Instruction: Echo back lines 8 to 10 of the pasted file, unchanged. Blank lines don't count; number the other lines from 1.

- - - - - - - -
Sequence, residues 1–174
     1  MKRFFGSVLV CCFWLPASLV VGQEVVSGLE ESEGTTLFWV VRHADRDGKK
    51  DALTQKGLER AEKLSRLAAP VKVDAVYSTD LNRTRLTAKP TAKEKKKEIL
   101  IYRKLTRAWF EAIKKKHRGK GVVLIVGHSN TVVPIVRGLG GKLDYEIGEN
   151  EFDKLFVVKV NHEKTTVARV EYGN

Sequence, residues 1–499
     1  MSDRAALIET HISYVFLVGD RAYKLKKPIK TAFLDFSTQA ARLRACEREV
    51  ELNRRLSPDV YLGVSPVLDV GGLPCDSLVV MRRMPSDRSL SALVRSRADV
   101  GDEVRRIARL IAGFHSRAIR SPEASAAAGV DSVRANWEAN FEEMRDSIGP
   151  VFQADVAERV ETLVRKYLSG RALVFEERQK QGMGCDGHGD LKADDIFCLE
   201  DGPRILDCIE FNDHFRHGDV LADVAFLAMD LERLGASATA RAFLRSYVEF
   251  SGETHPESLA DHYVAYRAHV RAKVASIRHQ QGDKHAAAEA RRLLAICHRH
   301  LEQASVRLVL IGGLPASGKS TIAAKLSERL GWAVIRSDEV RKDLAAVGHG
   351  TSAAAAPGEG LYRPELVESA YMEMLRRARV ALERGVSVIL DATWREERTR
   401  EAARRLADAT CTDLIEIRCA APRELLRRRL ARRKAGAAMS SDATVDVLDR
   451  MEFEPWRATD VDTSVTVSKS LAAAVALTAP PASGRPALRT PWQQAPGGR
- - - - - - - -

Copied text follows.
    51  ELNRRLSPDV YLGVSPVLDV GGLPCDSLVV MRRMPSDRSL SALVRSRADV
   101  GDEVRRIARL IAGFHSRAIR SPEASAAAGV DSVRANWEAN FEEMRDSIGP
   151  VFQADVAERV ETLVRKYLSG RALVFEERQK QGMGCDGHGD LKADDIFCLE